Judge sentences funeral home owner Lonnie Nyman to prison

Lonnie Nyman appears in 3rd District Court in June in Salt Lake City, to plead guilty to charges including enticement of a minor, and witness tampering (Eli Lucero/Court Pool).

The 45-year-old owner and president of Nyman Funeral Home is headed to prison for trying to have sex with a teenage boy and other crimes. Lonnie Nyman was given the maximum sentences for the charges that he pleaded guilty to previously.

Court records show, Nyman was sentenced in 3rd District Court Monday morning, in Salt Lake City. He previously pleaded guilty to issuing a bad check and unlawful activity, both second-degree felonies; dealing in materials harmful to a minor, obstruction of justice and tampering with a witness, all third-degree felonies; and two misdemeanors of seducing a minor over the internet.

Judge Vernice Trease issued the maximum sentence for each of the charges Nyman had confessed to. The sentences for the two cases will run consecutively, meaning Nyman will serve between 1-to-15-years in prison before becoming eligible for parole. She also ordered deputies to transport the defendant from the Salt Lake County Jail, where he was being incarcerated, to prison immediately.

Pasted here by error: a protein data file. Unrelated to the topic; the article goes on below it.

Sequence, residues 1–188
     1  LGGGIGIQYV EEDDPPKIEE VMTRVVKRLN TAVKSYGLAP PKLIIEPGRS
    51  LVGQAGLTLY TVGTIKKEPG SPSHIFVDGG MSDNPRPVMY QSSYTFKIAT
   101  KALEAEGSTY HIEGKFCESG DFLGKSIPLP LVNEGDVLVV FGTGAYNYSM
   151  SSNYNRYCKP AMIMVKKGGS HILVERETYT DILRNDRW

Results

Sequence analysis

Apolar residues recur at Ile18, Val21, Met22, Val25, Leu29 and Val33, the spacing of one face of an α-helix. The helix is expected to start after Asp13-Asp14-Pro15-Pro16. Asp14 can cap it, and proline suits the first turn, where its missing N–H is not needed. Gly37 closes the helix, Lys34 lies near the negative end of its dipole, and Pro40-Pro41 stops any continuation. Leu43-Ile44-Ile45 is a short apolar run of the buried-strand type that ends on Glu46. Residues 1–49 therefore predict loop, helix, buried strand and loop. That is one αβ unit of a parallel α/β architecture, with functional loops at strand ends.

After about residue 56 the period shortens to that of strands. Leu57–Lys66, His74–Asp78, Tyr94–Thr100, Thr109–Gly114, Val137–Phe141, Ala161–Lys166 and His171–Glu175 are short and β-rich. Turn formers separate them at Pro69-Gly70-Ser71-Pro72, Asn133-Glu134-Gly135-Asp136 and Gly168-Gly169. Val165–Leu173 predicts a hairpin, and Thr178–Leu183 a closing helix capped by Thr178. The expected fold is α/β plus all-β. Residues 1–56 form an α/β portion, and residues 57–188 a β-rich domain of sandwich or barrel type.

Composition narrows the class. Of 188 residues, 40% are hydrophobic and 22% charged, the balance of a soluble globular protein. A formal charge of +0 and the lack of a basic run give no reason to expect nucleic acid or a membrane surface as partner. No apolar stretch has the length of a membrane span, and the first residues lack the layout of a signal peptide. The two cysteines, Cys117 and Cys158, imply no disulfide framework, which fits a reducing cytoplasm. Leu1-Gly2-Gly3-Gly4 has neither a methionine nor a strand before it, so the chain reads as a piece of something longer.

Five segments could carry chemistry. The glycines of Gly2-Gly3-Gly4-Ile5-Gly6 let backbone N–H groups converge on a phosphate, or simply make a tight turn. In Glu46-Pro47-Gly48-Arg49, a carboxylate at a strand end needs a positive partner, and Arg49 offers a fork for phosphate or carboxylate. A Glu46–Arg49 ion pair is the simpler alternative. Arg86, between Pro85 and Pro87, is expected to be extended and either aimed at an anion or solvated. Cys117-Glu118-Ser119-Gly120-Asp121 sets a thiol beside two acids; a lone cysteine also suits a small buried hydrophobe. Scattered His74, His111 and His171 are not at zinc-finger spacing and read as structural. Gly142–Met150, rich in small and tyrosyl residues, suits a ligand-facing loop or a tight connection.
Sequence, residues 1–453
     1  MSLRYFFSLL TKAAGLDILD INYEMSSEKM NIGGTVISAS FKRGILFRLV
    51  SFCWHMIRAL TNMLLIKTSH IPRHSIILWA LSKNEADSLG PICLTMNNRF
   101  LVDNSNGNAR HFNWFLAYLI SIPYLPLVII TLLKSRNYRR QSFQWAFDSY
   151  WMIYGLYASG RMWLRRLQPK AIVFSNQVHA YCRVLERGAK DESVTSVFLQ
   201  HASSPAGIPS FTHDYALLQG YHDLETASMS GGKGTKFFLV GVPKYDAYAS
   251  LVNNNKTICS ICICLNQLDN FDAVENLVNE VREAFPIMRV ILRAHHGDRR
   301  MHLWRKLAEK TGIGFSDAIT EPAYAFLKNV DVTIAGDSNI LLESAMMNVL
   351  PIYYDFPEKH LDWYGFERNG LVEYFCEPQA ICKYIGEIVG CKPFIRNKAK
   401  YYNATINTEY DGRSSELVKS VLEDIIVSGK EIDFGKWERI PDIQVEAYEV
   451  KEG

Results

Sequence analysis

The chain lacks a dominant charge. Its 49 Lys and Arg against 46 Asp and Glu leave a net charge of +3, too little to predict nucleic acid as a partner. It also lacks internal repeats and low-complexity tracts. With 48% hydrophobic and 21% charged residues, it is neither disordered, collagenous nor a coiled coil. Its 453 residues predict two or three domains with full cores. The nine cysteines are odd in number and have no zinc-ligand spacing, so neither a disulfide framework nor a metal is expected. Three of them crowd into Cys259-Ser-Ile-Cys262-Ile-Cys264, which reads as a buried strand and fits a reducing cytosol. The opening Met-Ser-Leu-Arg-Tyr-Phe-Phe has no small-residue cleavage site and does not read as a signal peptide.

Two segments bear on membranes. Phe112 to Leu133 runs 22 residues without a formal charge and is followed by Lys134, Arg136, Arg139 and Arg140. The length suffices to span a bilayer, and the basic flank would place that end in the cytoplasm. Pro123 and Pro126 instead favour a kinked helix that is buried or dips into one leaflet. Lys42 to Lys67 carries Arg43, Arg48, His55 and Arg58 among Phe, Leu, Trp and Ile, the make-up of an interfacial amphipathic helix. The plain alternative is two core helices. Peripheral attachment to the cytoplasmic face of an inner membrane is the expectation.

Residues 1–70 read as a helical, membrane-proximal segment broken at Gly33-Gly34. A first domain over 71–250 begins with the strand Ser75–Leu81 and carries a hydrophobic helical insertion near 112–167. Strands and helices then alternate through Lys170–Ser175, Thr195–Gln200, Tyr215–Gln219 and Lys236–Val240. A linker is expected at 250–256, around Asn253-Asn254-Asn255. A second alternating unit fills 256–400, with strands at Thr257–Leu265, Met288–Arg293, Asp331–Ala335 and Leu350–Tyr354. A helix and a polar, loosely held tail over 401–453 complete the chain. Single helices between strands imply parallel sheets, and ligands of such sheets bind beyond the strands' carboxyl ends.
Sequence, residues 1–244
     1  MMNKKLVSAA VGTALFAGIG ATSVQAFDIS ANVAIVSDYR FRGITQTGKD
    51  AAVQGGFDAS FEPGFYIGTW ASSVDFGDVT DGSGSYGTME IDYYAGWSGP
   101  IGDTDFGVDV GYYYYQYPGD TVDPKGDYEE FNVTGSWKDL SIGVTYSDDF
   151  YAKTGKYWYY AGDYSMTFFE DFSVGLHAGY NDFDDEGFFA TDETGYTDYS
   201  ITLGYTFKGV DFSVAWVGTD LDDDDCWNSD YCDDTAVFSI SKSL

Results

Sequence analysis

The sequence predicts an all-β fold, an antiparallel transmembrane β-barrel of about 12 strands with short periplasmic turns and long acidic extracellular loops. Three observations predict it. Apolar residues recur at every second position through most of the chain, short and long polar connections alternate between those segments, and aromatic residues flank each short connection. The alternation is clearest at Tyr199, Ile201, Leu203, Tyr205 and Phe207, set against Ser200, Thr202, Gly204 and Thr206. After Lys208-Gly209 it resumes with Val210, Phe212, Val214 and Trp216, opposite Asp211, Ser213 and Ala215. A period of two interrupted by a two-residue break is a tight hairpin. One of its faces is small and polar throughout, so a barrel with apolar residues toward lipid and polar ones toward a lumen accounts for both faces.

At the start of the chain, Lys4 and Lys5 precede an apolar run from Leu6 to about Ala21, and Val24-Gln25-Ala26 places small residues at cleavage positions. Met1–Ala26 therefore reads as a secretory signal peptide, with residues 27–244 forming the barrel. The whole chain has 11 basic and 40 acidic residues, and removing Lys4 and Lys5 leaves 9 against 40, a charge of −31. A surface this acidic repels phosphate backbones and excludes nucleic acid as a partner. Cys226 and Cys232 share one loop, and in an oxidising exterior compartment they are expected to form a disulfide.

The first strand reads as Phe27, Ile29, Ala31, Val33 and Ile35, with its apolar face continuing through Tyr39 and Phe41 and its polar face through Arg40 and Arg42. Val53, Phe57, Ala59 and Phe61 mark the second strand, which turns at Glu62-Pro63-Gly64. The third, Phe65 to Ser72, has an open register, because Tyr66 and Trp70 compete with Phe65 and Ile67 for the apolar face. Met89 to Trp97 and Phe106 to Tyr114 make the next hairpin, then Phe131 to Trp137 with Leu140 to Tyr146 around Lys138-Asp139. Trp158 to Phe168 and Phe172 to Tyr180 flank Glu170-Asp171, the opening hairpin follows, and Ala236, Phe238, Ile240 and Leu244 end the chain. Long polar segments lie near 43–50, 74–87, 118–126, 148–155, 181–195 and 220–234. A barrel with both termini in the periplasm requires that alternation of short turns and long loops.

Nyman was originally arrested October 30, after contacting a boy through a social media app commonly used to arrange sexual encounters. Detectives began investigating him after a family member found photos of the teen on the suspect’s computer tablet.

Authorities later learned that as the investigation started, Nyman contacted the victim on the same app again, telling him that his family had found out about their relationship. He later called the boy and told him that if anyone questioned him, he should lie and say, “all we did was visit.”

Police arrested Nyman a second time in November. Police determined that he wrote fraudulent checks when he tried to post bail the first time.

In March, Nyman was arrested a third time. He was accused of trying multiple times to contact a witness in one of his other cases. The communications allegedly occurred earlier this year while the defendant was on pretrial supervision after being allowed to post bond a second time. A preliminary hearing for the case is scheduled for September 16.


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